Programmes of old by John Dewhirst
Football programmes have traditionally been a staple of the match day experience, historically a collectable for many supporters. At Valley Parade, programmes have been produced for first-team fixtures since 1909 and the sale of single sheet team cards dates back even further. This season the match day magazine celebrates the rich heritage of old programmes from earlier years and today’s issue is based on the design from 1921/22 – the season that the club was relegated from Division One.
Old football programmes provide a unique insight into social and economic trends. For instance, club statements about the need to curb ‘youthful exuberance’ and anti-social behaviour were not exclusive to the 1970s as the following extracts show.
The programme for the game with Doncaster on 3rd October, 1962 included the comment: ‘Whatever one may think of a decision by a referee or action by a player, the answer is not to throw objects one may lay his or her hand on, and so bring the game into disrepute. Having seen someone throw an object, others are apt to follow suit and the damage is done.’ The following month, the programme for the Rochdale game on 17th November sought an end to pitch invasions and the ‘Supporters Notes’ by columnist ‘Ubique’ conveyed his irritation at the throwing of toilet rolls which had occurred at the Oldham away fixture a fortnight previously. By November, 1963 the programme notes were imploring youngsters not to let off fireworks in the ground.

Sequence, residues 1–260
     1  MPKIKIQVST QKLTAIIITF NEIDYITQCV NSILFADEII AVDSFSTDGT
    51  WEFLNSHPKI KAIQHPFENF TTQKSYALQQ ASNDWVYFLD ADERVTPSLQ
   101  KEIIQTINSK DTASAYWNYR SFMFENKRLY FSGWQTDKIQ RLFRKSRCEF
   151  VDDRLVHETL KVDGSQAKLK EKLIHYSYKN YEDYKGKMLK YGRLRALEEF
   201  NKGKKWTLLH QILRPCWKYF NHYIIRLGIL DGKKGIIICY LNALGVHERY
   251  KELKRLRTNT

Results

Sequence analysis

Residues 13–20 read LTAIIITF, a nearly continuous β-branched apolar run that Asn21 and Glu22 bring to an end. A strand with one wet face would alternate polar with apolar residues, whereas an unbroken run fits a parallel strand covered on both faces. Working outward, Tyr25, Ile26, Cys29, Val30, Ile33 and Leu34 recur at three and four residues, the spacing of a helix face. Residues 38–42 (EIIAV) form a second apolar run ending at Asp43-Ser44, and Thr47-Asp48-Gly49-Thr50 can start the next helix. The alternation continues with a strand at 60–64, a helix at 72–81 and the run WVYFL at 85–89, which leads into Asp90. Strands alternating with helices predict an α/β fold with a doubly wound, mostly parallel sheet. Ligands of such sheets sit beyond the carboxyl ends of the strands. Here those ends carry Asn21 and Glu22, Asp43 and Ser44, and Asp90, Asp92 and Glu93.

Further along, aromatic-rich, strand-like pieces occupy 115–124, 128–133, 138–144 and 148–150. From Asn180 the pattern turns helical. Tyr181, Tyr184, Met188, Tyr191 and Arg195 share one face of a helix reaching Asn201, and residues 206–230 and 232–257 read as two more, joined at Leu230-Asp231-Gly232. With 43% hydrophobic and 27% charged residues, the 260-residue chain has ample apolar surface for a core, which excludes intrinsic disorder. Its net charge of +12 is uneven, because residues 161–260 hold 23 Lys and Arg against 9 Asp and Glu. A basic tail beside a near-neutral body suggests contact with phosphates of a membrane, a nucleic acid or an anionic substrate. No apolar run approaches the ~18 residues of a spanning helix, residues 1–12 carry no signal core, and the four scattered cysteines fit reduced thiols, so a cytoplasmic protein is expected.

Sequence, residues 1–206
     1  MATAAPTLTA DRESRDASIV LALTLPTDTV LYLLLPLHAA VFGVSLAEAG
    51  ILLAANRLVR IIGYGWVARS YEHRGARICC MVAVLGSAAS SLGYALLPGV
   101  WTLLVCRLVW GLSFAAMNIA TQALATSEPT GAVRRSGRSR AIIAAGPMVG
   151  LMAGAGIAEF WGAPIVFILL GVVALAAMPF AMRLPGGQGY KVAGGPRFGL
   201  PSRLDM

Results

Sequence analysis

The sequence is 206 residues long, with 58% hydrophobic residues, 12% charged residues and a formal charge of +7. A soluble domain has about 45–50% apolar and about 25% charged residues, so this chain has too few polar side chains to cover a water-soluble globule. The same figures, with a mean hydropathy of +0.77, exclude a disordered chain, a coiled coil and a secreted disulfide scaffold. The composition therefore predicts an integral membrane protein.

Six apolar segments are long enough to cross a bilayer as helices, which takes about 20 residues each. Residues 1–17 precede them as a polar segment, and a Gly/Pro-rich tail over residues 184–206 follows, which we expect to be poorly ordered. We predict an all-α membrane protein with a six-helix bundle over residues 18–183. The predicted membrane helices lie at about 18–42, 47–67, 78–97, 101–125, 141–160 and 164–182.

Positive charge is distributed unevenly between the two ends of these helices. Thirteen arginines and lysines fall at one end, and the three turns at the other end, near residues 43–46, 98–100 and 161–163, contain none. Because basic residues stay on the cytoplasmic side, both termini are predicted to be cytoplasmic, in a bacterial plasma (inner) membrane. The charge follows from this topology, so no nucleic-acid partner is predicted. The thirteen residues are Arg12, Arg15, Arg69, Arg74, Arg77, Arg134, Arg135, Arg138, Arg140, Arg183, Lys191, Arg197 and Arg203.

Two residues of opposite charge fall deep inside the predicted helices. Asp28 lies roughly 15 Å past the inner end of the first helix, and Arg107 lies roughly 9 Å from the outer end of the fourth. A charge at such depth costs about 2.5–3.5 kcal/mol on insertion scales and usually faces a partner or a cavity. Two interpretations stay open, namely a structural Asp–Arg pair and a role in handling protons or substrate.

The programme from the Everton fixture on 6th November, 1920 referred to Foul Language: ‘Several complaints have been made with regard to objectionable language at Valley Parade, and the directors of the club desire to warn offenders that they are liable to expulsion from the ground. There are more ladies at football matches nowadays, especially on the grandstands, than ever there has been in the past, and we are all delighted to see them, but it is not pleasant for them to have to listen to foul language. This cannot be tolerated and the directors would be glad to receive reports as to the identity of offenders in order that steps may be taken to impress upon them the need for keeping to Parliamentary language when letting off steam.’
On 26th February, 1977 the programme for the game with Torquay United included a full page notice from The Football Association advising supporters about the risk of ground closure as a consequence of misconduct. Similar warning notices were displayed around Valley Parade for the next month and followed an attack by a spectator on a Colchester player during the game between the promotion rivals in December, 1976. There were further incidents in the 1978/79 season when a spectator and a player were injured by stone throwing with a repeat of the FA notices in August, 1979. (It should be explained to younger readers that stones were readily available on the Spion Kop due to the decayed concrete terracing. Hence if you were so inclined you were not obliged to bring such ammunition into the ground.)
The menus above provide links to features written by myself in the BCAFC programme during previous seasons.